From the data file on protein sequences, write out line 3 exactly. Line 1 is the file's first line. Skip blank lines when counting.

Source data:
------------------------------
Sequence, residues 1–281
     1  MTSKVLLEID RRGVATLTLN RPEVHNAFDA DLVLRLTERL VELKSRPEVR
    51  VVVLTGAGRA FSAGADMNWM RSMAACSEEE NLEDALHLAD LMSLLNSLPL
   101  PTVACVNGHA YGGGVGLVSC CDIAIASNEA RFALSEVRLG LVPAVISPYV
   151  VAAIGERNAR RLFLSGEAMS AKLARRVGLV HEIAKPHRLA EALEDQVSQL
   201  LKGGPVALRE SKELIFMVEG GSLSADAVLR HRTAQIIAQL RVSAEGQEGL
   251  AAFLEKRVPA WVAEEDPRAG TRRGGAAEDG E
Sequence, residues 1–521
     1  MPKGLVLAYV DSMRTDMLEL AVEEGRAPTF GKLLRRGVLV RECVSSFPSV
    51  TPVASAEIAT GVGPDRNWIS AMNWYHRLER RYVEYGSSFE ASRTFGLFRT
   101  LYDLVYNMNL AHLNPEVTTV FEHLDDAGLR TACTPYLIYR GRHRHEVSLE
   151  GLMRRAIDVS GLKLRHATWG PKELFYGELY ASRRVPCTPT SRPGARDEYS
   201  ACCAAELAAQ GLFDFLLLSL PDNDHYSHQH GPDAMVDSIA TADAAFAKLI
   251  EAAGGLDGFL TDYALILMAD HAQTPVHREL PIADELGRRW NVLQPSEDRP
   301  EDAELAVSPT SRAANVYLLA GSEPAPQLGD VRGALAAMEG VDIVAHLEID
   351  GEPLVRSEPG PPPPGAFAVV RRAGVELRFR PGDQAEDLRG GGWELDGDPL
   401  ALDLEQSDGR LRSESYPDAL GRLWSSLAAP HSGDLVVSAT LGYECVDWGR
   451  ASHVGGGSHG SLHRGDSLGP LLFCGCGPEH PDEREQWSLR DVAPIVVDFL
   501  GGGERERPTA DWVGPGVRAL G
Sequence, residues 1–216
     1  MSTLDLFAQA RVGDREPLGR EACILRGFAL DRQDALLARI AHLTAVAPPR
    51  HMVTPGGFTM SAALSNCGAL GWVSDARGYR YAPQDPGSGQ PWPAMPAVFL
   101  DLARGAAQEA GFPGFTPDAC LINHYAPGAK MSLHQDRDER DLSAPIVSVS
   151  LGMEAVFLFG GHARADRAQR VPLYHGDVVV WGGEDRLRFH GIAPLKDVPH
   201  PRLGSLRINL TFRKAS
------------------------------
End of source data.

    51  VVVLTGAGRA FSAGADMNWM RSMAACSEEE NLEDALHLAD LMSLLNSLPL